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Is my new C414 B-ULS close enough to form a matched pair??

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Is my new C414 B-ULS close enough to form a matched pair??

Postby Guitarking » Fri May 17, 2019 6:35 pm

Hi everyone,

I acquired a second AKG C414 B-ULS today to form a pair with a C414 B-ULS I already owned.

I recorded my acoustic guitar with both mics simultaneously and a couple of things occured to me.

It seems the mics don't sound EXACTLY the same. My first AKG seems a bit brighter/more open than the one I got today. Is this normal? Or does it have to do with the fact that the capsules can never be at exactly the same place because the mic is quite big?
I also recorded my guitar with both mics on top of each other and next to each other. I both cases my first mic seems a bit more open like I said. Also, the latest mic seems to have a bit less gain. In fig8 the new mics has a bit more gain and in omni has quite a lot less gain than the first mic in omni (both mics are softer in omni compared to card, is that normal?).

-Is this the good way to test whether the can form a matched pair?
-Are these results saying my latest mic is bad/broken (it doesn't sound broken, just a bit darker? It has the say vibe as my first mic)
-Are these results good enough to do XY and blumlein?
-Even though SDC's are better suited for recording a choir etc... would this be good enough to give recording a choir a go?

Thanks for helping out again!
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Re: Is my new C414 B-ULS close enough to form a matched pair??

Postby MOF » Fri May 17, 2019 7:15 pm

There’s a good possibility that one mic’ has had a bit more abuse than the other over the years.
I think you’ll be OK using them in the ways you mentioned though, try mid-side recording if you like, it’s more forgiving of mismatched pairs.
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Re: Is my new C414 B-ULS close enough to form a matched pair??

Postby Hugh Robjohns » Sat May 18, 2019 10:45 am

Guitarking wrote:It seems the mics don't sound EXACTLY the same. My first AKG seems a bit brighter/more open than the one I got today. Is this normal?

Tolerances are normal... but the tolerances should be extremely tight in a high-end mic like the C414 and for you applications as a stereo pair, they need to sound more or less identical. If there is an obvious difference -- one being obviously brighter than the other -- they aren't a good match.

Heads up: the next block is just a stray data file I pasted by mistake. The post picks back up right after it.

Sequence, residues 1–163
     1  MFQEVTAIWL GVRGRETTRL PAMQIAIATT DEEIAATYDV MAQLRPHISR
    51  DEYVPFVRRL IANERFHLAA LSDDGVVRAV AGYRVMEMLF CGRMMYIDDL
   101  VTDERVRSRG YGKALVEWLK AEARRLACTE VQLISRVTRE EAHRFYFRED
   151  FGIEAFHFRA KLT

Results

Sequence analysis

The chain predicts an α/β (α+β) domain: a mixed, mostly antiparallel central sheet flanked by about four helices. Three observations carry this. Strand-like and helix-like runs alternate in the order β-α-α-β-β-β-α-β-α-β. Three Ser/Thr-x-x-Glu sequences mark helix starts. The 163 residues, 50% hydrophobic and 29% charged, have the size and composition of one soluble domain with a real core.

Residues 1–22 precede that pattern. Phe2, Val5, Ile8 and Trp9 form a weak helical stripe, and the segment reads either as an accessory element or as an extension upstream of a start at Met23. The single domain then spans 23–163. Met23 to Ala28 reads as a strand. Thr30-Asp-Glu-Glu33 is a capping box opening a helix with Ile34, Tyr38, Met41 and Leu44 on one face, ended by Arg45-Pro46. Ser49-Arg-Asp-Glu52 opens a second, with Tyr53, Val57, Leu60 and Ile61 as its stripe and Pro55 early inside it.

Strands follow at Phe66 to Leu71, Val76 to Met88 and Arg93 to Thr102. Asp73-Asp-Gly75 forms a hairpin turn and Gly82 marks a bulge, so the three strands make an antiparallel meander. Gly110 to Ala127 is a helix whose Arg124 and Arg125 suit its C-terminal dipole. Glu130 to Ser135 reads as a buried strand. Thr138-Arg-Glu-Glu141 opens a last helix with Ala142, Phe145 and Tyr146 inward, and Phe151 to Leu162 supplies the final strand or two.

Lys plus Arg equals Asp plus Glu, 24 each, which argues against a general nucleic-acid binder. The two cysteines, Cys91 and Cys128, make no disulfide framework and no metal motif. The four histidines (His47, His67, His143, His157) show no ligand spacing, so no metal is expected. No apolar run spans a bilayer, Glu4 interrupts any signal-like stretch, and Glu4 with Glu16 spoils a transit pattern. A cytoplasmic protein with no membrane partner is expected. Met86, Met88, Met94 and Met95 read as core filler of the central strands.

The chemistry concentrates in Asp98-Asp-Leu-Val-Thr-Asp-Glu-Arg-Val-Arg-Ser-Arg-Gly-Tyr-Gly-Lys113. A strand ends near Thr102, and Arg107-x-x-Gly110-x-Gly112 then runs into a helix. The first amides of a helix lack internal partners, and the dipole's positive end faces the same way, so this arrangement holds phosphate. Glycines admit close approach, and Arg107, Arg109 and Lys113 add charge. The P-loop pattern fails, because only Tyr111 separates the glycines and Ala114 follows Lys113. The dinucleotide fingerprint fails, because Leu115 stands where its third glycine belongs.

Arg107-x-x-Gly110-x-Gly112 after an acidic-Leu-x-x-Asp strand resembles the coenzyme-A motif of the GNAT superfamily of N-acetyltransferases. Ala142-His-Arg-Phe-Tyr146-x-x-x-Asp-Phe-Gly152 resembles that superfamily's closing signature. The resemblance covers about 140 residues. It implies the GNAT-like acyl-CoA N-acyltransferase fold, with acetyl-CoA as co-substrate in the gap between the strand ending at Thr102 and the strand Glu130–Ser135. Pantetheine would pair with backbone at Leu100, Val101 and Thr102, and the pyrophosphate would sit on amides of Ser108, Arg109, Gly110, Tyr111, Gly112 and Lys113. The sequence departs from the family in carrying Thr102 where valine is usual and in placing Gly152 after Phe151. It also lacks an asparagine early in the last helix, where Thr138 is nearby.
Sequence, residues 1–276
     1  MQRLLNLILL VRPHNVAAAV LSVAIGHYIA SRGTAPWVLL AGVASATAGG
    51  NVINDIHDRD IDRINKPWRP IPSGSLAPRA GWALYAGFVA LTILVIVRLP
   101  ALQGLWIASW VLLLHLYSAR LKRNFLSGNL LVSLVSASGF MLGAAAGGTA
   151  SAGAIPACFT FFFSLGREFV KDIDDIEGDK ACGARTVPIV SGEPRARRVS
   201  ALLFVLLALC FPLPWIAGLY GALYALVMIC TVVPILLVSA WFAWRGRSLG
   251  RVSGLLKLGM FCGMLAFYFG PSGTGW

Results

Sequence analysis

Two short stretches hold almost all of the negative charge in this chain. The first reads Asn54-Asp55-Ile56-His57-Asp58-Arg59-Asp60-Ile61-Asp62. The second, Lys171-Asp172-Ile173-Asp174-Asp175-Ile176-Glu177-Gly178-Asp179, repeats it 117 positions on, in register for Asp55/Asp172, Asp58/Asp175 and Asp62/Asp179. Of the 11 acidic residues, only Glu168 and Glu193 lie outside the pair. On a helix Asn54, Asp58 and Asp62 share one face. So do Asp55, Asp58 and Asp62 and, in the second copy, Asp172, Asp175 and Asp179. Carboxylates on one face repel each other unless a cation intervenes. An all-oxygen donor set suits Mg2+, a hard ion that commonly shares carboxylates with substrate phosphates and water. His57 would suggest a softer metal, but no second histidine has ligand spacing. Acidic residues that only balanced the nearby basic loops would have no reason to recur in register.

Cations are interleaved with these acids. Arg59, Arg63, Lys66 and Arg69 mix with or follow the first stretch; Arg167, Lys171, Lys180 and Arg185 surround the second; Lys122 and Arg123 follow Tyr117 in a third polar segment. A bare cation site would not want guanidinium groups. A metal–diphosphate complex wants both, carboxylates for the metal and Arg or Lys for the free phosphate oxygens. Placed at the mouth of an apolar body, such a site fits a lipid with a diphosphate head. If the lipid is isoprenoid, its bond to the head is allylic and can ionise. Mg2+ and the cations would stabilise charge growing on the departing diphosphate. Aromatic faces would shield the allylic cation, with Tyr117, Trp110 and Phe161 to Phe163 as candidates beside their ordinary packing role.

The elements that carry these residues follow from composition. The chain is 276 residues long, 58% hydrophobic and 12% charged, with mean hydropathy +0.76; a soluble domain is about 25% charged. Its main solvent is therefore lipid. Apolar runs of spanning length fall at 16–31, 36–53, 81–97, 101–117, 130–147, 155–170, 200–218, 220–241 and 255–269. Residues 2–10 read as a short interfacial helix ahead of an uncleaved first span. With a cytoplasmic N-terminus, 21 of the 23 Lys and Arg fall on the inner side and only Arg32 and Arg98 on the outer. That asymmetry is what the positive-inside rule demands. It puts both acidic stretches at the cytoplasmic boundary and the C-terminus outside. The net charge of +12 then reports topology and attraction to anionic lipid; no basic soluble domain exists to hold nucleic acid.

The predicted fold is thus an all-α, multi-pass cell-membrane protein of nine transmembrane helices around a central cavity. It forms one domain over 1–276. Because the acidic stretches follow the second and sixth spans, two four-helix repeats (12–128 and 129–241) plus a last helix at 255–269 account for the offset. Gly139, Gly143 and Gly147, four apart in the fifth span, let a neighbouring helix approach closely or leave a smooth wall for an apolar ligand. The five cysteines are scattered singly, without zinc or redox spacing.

Or does it have to do with the fact that the capsules can never be at exactly the same place because the mic is quite big?

Placement will be a significant factor if you're close-miking because an inch either way will sound noticeably different on something like an acoustic guitar. So place the two mics one above the other (the top one upside down to keep the capsules as close as possible), and at least three feet away from the source, and then compare the outputs.

Also, the latest mic seems to have a bit less gain.

Sensitivity in a microphone, not gain! ;-) But this is much less of a problem since you can tweak the gain of the preamp to compensate.

What's important in a stereo pair is matched frequency responses both on-axis and off-axis (matching polar patterns at all frequencies).

...both mics are softer in omni compared to card, is that normal?

The sensitivity will vary with different polar patterns and is highly dependent on the capsule biasing voltages. In some (more modern) mics, the biasing voltages are generated by internal DC-DC converters and are reliably stable, but in many older mics it is very reliant on the received phantom voltage which can vary with the length of mic cable and the source voltage...

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Re: Is my new C414 B-ULS close enough to form a matched pair??

Postby MOF » Sat May 18, 2019 2:10 pm

I don’t disagree with Hugh but it seems to me that buying a matched pair of 414s is not possible for you at the moment.